Michelin & Cie agreed to form a joint venture with Indonesian petrochemical producer PT Chandra Asri Petrochemical Tbk to make synthetic rubber as Europe’s largest tiremaker forecast increasing demand for the material.
“The total investment is estimated at $435 million,” the companies said in a joint statement today. “Pending final investment decision, plant construction is expected to commence in early 2015 with completion and start-up targeted for the beginning of 2017.” Michelin will own 55 percent of the venture, which will be based in Jakarta, and PT Chandra Asri Petrochemical will own the remaining 45 percent.
The French manufacturer plans to increase tire production in Asian markets as demand for cars and light trucks keeps growing in several large countries in the region, including China, the world’s largest car market. This contrasts with the European car market, which is poised to fall for the sixth straight year, causing the Clermont-Ferrand, France-based company to reduce capacity in its home region.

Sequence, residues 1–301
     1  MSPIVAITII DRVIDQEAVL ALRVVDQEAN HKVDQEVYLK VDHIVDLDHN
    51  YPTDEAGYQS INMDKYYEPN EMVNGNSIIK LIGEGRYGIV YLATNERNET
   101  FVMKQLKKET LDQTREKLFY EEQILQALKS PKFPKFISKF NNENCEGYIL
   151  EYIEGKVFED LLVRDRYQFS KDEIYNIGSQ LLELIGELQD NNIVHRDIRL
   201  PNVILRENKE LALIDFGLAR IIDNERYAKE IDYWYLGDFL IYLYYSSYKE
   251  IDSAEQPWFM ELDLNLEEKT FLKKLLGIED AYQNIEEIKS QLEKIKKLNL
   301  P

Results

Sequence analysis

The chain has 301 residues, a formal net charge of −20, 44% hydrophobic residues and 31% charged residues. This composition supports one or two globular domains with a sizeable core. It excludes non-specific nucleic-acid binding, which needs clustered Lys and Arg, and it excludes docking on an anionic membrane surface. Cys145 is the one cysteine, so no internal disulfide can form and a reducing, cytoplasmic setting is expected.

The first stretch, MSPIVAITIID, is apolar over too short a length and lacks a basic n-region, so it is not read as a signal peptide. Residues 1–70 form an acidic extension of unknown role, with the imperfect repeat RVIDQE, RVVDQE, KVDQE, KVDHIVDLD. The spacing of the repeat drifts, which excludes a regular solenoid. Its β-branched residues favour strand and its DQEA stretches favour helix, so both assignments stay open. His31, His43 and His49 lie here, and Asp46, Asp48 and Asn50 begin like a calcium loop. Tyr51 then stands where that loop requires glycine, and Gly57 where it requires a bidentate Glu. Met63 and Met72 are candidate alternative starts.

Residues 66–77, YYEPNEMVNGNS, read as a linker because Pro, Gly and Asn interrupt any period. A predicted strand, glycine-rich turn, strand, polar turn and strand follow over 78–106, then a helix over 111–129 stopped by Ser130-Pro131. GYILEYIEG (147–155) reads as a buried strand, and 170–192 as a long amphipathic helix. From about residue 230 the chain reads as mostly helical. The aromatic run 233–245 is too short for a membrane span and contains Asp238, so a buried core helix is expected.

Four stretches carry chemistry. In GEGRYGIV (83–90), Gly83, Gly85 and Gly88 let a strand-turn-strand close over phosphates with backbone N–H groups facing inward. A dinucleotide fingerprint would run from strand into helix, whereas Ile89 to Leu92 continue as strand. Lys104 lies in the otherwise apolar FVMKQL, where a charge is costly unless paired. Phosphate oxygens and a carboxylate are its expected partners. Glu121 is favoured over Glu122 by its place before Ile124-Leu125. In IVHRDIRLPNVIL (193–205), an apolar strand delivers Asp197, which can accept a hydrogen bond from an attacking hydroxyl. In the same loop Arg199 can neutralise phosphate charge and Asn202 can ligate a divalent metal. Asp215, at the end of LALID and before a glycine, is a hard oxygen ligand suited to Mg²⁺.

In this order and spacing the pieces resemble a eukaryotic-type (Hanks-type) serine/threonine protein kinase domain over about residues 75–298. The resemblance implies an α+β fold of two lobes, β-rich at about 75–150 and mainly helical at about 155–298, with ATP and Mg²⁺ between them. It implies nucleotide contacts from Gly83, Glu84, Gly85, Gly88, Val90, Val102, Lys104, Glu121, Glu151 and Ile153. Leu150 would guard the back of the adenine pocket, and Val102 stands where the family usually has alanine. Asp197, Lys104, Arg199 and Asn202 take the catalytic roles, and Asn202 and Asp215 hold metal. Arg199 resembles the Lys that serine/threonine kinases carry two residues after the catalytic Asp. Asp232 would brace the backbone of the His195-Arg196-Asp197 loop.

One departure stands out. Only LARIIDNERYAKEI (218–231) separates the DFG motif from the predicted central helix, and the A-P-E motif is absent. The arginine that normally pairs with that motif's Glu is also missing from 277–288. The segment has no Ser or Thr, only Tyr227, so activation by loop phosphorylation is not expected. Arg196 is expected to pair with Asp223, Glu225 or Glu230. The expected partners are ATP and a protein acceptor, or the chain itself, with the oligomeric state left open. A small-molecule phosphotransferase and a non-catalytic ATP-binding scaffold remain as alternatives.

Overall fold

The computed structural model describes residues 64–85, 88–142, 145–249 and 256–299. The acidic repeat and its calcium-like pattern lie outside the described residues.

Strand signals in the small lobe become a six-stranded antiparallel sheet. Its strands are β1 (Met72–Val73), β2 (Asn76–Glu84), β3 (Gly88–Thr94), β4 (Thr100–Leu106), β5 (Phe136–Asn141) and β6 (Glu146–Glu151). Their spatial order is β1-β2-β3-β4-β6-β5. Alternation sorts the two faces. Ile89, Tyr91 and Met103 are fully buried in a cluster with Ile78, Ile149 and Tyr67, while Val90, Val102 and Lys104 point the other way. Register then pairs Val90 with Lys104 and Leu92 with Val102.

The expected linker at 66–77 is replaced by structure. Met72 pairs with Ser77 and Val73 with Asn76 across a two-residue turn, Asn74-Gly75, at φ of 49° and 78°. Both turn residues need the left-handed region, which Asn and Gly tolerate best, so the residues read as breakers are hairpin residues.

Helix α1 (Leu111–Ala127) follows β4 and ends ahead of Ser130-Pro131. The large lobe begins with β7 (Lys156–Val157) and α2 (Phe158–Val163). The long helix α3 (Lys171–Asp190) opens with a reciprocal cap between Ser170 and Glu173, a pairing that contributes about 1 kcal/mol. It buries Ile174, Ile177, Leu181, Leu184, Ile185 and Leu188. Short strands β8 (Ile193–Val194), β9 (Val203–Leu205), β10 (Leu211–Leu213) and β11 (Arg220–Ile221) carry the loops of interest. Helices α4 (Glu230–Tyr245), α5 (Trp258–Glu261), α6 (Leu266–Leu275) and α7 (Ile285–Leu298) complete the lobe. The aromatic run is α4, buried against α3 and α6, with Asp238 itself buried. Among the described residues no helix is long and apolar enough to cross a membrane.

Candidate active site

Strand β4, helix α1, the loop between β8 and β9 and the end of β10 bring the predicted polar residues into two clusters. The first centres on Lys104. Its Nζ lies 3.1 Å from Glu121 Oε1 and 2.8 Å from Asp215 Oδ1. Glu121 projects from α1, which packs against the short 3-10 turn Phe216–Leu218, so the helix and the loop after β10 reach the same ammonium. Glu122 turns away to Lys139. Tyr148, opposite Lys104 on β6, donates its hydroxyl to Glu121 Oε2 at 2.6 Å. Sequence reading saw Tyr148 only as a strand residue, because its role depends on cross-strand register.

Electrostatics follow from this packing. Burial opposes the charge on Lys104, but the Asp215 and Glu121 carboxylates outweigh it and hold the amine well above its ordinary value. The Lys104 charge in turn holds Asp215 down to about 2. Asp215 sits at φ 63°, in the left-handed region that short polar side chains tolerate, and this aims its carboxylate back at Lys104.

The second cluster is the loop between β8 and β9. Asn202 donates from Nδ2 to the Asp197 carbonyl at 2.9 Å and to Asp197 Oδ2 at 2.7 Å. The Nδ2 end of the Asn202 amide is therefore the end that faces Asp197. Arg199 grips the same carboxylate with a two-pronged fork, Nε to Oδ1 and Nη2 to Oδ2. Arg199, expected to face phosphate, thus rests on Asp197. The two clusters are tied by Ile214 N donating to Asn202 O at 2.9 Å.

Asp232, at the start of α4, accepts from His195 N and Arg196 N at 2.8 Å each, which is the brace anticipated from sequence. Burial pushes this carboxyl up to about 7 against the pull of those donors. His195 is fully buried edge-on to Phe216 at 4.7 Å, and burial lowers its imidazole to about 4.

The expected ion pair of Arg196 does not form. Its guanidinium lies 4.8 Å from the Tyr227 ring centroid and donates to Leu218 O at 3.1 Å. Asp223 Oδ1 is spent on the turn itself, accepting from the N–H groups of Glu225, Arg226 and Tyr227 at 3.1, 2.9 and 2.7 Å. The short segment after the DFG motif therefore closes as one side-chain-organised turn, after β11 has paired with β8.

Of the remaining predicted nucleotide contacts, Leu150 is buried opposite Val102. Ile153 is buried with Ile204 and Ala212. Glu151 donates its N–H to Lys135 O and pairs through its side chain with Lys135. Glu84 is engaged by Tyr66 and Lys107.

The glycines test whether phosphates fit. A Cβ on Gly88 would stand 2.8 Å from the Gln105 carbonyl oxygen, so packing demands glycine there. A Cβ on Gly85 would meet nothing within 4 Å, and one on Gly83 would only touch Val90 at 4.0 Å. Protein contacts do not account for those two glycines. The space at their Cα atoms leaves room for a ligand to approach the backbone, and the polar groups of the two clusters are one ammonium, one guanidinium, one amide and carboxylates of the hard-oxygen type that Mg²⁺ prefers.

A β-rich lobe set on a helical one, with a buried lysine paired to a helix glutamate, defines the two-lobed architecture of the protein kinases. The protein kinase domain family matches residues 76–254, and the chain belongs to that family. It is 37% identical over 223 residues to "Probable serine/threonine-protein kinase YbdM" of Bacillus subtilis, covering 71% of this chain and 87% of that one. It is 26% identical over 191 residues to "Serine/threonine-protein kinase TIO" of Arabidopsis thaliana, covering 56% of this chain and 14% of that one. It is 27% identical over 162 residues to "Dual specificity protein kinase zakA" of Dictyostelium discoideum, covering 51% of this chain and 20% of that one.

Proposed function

“It seems they are investing here to target the market for replacement tires,” Joko Sogie, an analyst at PT Danareksa Sekuritas, said by phone in Jakarta. “At the current economic growth rate, and the state of the road infrastructure, Indonesian motorists are expected to change their tires once every two years. That rate is higher compared to the replacement rate in Europe which might be once every three years.”
Michelin rose 2.3 percent to 71.22 euros at 10:55 a.m. in Paris trading.
Car sales in Indonesia rose to a record 1.1 million units in 2012, according to the country’s top auto seller PT Astra International. Car sales in the country may slow next year because of an expected rise in subsidized fuel prices, Leonardo Henry Gavaza, an analyst at Bahana Securities, said in a report today.
Michelin said last week it would end production of heavy-truck tires at its Joue-les-Tour factory in France, eliminating 730 jobs at the site and trimming excess capacity amid slumping demand in the region. The tiremaker’s plants are currently using 50 percent to 60 percent of capacity for passenger cars and light trucks, Michelin Chief Executive Officer Jean-Dominique Senard said on May 17.
-- With assistance from Neil Chatterjee in Singapore and Harry Suhartono in Jakarta. Editors: Robert Valpuesta, Thomas Mulier.